Shiga toxin (Stx) is the main virulence factor of enterohemorrhagic Escherichia coli (EHEC), that cause gastrointestinal infection leading to hemolytic uremic syndrome. The aim of this study was to investigate if Stx signals via ATP and if blockade of purinergic receptors could be protective. Stx induced ATP release from HeLa cells and in a mouse model. Toxin induced rapid calcium influx into HeLa cells, as well as platelets, and a P2X1 receptor antagonist, NF449, abolished this effect. Likewise, the P2X antagonist suramin blocked calcium influx in Hela cells. NF449 did not affect toxin intracellular retrograde transport, however, cells pre-treated with NF449 exhibited significantly higher viability after exposure to Stx for 24 hours, compared to untreated cells. NF449 protected HeLa cells from protein synthesis inhibition and from Stx-induced apoptosis, assayed by caspase 3/7 activity. The latter effect was confirmed by P2X1 receptor silencing. Stx induced the release of toxin-positive HeLa cell- and platelet-derived microvesicles, detected by flow cytometry, an effect significantly reduced by NF449 or suramin. Suramin decreased microvesicle levels in mice injected with Stx or inoculated with Stx-producing EHEC. Taken together, we describe a novel mechanism of Stx-mediated cellular injury associated with ATP signaling and inhibited by P2X receptor blockade.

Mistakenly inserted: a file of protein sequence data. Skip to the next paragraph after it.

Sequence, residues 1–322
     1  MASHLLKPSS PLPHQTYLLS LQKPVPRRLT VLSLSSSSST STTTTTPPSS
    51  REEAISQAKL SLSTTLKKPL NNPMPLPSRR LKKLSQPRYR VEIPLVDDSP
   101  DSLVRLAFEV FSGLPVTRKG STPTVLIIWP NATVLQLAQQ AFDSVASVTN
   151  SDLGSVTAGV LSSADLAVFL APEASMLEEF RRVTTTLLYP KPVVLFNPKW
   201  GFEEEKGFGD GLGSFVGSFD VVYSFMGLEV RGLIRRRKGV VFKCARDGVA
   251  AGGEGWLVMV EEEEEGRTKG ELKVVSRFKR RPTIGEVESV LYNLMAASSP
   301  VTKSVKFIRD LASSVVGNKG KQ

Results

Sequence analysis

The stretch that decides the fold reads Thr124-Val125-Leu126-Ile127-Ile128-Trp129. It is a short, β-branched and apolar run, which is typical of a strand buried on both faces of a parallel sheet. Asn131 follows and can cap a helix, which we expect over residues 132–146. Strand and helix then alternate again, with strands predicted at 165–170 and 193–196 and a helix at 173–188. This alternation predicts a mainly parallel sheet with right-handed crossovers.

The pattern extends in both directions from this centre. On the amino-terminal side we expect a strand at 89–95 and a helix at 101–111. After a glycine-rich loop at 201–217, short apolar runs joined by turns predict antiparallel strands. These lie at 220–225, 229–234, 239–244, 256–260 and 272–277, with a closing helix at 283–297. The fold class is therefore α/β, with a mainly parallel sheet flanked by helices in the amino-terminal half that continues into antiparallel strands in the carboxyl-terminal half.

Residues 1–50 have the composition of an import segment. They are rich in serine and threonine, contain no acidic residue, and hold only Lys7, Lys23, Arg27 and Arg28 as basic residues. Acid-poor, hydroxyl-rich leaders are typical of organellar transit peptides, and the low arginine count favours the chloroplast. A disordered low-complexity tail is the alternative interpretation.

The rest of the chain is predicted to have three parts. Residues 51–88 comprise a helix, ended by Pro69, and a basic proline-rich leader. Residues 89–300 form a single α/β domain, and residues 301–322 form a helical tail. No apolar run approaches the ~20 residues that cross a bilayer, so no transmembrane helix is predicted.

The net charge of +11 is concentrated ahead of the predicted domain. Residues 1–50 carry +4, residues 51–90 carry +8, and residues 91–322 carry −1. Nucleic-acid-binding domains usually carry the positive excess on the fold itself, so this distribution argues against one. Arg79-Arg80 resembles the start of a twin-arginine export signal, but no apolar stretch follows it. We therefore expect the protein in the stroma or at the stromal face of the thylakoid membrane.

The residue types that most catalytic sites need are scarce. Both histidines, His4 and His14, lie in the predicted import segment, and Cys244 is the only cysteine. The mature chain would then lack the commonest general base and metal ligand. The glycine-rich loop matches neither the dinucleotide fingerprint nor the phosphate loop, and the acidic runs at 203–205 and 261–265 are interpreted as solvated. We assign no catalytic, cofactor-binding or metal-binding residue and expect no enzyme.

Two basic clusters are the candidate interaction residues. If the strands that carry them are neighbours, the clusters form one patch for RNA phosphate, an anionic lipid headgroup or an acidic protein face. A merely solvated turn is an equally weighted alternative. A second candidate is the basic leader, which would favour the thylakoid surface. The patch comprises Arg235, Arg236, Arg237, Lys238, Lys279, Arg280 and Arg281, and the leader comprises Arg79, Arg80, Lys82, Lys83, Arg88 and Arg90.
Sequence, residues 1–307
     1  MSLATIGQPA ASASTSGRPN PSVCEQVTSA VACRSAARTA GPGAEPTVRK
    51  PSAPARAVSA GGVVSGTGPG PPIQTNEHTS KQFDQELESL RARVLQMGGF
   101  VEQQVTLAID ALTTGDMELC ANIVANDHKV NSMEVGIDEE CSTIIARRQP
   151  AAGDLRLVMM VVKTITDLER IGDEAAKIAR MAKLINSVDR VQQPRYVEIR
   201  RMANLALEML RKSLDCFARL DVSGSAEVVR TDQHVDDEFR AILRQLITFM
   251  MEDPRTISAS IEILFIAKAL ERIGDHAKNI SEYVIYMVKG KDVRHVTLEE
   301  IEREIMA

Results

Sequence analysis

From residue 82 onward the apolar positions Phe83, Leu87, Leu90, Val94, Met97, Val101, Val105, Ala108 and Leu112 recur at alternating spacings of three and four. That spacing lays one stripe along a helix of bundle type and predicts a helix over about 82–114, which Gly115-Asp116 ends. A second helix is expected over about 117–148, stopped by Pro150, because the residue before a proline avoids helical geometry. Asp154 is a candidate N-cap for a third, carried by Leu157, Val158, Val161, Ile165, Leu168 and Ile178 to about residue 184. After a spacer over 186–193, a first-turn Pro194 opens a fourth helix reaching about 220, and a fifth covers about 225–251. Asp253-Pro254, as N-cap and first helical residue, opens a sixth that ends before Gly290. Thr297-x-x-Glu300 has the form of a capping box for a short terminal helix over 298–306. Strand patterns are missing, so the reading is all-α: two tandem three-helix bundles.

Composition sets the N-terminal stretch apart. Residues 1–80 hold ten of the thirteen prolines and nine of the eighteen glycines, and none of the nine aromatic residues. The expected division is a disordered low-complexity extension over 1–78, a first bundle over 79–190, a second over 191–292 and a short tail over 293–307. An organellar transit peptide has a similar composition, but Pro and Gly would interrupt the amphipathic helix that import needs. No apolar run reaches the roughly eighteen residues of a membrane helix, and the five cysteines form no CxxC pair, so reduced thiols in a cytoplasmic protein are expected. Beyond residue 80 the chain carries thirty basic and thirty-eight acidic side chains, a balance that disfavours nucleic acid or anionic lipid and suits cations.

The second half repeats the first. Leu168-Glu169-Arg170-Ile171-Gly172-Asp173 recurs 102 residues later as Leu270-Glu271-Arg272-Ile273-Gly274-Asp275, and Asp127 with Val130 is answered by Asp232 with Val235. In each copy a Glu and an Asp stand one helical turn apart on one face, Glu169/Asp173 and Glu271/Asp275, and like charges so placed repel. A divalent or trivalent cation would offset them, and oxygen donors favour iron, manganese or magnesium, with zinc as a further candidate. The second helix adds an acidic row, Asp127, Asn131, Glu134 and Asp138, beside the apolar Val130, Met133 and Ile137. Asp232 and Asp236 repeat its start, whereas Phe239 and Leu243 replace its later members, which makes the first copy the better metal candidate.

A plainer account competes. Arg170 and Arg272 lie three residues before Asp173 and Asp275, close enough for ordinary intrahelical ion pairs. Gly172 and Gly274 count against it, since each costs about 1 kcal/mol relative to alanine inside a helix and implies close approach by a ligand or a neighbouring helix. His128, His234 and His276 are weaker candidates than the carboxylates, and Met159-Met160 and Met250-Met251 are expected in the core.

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http://dx.doi.org/10.1038/s41598-019-50692-1DOI Listing
http://www.ncbi.nlm.nih.gov/pmc/articles/PMC6779916PMC
October 2019

Shiga Toxin Induces Lipid Compression: A Mechanism for Generating Membrane Curvature.

Nano Lett 2019 10 25;19(10):7365-7369. Epub 2019 Sep 25.

Cellular and Chemical Biology Unit , Institut Curie, PSL Research University , U1143 INSERM, UMR3666 CNRS , 26 rue d'Ulm , 75248 Paris Cedex 05, France.